These are the images from the photograph album of Randolph Arthur Chell who served with the 10th Essex during the First World War. They show trips to Stobs Camp by the Reading Officers Training Corps in July 1913 and 1914. Randolph can be seen sitting at the far right of the front row.
Randolph’s student friend, Harold Chamen, is at the left hand end of the standing row. He served with the Bedfordshire Regiment and died, aged 22, on 1st August 1916 at the Battle of the Somme.
Randolph was the eldest son of the village schoolmaster, born in Tillingham, Essex in 1893. He was destined to take on his uncle’s pharmacy business. In August 1912 he received a scholarship to study science at University College, Reading, beginning his studies in the autumn. He did not get to complete his studies and his career took a different path following the war.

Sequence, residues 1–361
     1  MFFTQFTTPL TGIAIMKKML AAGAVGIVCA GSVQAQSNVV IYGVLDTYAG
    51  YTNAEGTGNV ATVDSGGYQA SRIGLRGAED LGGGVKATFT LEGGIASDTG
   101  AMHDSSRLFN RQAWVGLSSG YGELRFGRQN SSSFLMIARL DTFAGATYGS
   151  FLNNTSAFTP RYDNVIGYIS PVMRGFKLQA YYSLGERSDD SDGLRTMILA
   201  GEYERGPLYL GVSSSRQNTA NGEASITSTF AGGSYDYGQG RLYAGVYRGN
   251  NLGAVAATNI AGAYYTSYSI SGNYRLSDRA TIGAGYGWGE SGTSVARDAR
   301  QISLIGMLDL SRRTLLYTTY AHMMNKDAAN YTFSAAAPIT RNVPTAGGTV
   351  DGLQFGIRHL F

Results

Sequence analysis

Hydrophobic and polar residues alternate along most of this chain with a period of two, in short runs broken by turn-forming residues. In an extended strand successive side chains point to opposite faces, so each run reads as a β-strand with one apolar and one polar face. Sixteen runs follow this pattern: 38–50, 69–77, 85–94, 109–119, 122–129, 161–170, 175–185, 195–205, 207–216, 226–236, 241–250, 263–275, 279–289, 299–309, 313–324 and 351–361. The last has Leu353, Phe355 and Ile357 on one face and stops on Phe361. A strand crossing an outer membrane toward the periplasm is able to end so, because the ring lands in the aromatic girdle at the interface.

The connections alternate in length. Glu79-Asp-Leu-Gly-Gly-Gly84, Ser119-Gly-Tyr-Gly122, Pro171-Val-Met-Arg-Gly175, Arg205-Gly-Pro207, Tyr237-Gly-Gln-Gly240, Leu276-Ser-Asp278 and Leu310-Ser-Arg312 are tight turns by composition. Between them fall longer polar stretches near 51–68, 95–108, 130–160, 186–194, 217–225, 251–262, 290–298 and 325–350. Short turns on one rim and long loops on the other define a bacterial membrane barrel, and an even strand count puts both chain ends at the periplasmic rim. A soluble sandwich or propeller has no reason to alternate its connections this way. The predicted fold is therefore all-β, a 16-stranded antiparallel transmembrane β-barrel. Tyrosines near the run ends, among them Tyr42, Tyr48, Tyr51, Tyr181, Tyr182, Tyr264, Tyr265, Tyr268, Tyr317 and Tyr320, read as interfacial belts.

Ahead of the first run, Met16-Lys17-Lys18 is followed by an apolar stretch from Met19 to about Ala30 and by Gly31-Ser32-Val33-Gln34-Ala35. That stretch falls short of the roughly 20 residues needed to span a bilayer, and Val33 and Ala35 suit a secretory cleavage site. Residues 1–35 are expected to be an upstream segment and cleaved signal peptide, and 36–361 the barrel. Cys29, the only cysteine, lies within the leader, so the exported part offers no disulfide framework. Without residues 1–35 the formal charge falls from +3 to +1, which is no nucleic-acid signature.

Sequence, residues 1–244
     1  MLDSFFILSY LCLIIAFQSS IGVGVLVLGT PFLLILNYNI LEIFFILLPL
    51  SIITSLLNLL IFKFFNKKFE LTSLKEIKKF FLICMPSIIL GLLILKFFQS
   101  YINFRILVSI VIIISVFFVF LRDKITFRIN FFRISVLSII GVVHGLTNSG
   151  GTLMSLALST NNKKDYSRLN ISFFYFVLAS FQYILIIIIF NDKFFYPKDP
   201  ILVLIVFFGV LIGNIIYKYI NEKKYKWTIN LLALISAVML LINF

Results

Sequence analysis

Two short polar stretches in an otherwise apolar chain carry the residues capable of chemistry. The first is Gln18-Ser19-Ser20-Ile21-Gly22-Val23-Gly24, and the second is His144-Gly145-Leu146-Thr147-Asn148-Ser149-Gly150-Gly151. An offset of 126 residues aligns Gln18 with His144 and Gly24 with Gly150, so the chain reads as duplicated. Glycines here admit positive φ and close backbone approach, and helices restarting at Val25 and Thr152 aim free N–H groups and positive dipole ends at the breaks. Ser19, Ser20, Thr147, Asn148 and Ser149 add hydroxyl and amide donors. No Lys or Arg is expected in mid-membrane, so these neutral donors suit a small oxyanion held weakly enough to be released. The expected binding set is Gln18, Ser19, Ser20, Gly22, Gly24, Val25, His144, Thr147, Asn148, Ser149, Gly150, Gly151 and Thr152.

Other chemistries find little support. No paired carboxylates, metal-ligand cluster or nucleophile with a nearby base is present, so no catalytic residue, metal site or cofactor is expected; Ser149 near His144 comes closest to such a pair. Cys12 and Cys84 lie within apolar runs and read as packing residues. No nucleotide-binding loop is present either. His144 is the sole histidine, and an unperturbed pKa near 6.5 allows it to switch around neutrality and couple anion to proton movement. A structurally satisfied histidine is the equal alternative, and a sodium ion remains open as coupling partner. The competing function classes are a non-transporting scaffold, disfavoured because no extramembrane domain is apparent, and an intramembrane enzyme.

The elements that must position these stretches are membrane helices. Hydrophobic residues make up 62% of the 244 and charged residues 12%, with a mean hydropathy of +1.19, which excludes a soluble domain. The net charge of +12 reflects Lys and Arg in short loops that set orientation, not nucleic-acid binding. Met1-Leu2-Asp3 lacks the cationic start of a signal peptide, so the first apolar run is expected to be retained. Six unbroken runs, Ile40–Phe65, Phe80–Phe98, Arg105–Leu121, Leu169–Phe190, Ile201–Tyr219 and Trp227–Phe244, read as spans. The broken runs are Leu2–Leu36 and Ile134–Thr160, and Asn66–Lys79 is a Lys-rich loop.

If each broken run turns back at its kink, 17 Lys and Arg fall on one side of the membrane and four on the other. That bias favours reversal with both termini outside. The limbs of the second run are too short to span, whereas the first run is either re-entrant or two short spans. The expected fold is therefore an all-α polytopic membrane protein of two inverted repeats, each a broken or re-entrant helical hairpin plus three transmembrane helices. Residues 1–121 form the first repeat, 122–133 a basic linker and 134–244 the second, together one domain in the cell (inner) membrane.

Randolph would probably have considered himself very fortunate to have survived the First World War when so many of his friends and colleagues were not so lucky. But other people would say that he had a good war.
He co-wrote “With 10th Essex in France” with Lt Col T M Banks, which was an account of the Battalion’s experiences and must have drawn on their War Diary for which Randolph wrote most of the entries. The book was republished in 2006.
Randolph’s distinguished service record reads:
15.10.1912 Enrolled into the Officers Training Corps, University College, Reading
14.09.1914 Appointed 2nd Lieutenant, Essex Regiment and posted to the 10th Battalion
25.11.1914 Promoted to Lieutenant
15.05.1916 Promoted to Captain
25.05.1916 Appointed Adjutant 10th Essex, France
26.12.1917 Posted to 18th Division Headquarters
12.01.1918 Transferred to the General List
12.01.1918 Appointed Staff Captain, posted to 55th Infantry Brigade
16.04.1918 Appointed Brigade Major
21.02.1919 Relinquished Commission
Randolph Arthur Chell was awarded the Military Cross, recorded in the London Gazette on 28 April 1917 with 1st bar being added on 2 April 1919.
He also received the Distinguished Service Order (recorded in the London Gazette on 1 January 1919).
With thanks to Hilary Chell, Randolph Arthur Chell’s granddaughter, for sharing the images and story with us.